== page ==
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10. Rosemary Mellor – studying the city


Manchester city centre. Credit: www.tecmark.co.uk

Rosemary Mellor (1943-2001) started her working life as a town planner in London and when she became a Sociology lecturer (she joined the University of Manchester in 1976) her interests were still focused on cities and their inhabitants. Her 1977 book Urban Sociology in an Urbanised Society argued for the rejection of the traditional categories of urban and rural sociology in favour of a broadly conceived political economy of economic and social relations between the dominant ‘metropolitan’ and the ‘provincial’ areas. In the 1990s she developed great interest in the social transformations happening in Russia. Building on the Manchester Department’s strong links with Russia she produced interesting papers on the city of St Petersburg  and other Russian cities 1997, 1999) and with other colleagues on Russian family businesses(2001).

With her impressive knowledge of urban social theory she had little time for what she considered the superficiality of postmodern thought. She stood firmly inside the empirical tradition of British social investigation with a strong social reform agenda. Rosemary would cull through a vast amount of research material, interviews, news cuttings, official reports for the telling detail that would illustrate her point and clinch an argument. Her clear and precisely formulated writings were accessible to undergraduates as well as to readers outside academia.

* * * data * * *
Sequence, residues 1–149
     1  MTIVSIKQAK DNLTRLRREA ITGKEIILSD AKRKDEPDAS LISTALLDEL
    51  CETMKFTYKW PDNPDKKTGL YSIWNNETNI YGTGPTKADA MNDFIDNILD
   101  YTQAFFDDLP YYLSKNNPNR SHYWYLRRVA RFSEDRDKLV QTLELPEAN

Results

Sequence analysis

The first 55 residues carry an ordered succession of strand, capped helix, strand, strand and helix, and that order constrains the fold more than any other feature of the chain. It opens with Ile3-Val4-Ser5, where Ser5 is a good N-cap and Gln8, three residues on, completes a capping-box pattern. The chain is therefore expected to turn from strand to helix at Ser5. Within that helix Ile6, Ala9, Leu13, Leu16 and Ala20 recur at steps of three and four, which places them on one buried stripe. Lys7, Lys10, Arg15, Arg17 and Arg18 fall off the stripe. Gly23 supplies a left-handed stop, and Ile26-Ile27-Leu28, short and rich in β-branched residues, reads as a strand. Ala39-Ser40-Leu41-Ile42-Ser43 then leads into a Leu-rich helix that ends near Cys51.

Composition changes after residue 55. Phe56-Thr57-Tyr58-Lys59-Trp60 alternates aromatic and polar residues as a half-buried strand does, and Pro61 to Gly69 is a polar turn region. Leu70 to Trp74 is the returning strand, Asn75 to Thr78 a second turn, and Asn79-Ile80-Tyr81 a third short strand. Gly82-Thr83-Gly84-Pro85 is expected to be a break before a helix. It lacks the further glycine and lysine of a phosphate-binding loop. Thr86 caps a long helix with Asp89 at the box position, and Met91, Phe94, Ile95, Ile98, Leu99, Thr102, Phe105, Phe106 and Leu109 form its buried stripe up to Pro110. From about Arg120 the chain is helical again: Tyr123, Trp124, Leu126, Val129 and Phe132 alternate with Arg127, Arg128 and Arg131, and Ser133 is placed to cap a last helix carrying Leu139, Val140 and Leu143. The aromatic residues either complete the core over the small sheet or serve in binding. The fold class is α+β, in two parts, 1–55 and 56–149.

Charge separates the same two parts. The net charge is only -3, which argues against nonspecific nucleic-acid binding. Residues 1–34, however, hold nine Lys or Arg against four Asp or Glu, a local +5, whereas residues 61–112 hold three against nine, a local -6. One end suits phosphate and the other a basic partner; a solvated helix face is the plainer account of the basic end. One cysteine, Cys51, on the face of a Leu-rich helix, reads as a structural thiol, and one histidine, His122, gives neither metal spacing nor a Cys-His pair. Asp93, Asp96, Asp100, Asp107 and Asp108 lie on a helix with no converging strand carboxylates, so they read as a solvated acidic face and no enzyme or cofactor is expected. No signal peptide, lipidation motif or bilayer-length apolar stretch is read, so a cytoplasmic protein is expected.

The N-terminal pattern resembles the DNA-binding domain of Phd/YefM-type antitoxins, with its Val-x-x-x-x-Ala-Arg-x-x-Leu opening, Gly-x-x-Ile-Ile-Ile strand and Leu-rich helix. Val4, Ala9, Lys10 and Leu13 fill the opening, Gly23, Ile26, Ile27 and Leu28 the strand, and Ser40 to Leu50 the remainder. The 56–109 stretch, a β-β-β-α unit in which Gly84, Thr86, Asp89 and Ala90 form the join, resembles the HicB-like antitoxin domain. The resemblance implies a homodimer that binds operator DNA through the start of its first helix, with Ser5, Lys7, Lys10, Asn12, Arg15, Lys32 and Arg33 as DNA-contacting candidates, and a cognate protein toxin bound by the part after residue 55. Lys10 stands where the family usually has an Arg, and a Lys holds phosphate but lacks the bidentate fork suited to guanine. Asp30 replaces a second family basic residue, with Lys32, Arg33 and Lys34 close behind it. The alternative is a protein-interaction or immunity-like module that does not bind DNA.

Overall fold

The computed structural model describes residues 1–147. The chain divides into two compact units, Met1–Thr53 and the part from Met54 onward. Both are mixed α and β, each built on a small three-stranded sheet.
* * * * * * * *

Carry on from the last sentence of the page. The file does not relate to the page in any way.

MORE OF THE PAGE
In her teaching she was prepared to tackle controversial issues and invest time and energy that produced original courses not directly linked to her research. When Northern Ireland became a prominent issues in the 1980s Rosemary read her way into the historical and contemporary research on the area and taught a deeply thoughtful course on this regional conflict often ignored by British sociologists. Her last published paper was about the city of Manchester, ‘Hypocritical City: cycles of urban exclusion’(2002) which characteristically criticised what she saw as the exclusion of the poor from the public realm of the ‘redeveloped’ city.

Further reading

  • Urban Sociology in an Urbanised Society (1977) Routledge Kegan Paul
  • Through a Glass Darkly: Investigating the St Petersburg Administration (1997) International Journal of Urban and Regional Research,Vol.21, No.3
  • Changing cities in post-Soviet Russia (1999) New Left Review, No 236, July/August
  • ‘Family business in Russia: the path to middle class?’ (2001) with N.Barkhatova & P.McMylor British Journal of Sociology, Vol.52, No.2.
  • ‘Hypocritical City: cycles of urban exclusion. (2002) in J.Beck & K.Ward Ed. City of Revolution: Restructuring Manchester, Manchester University Press

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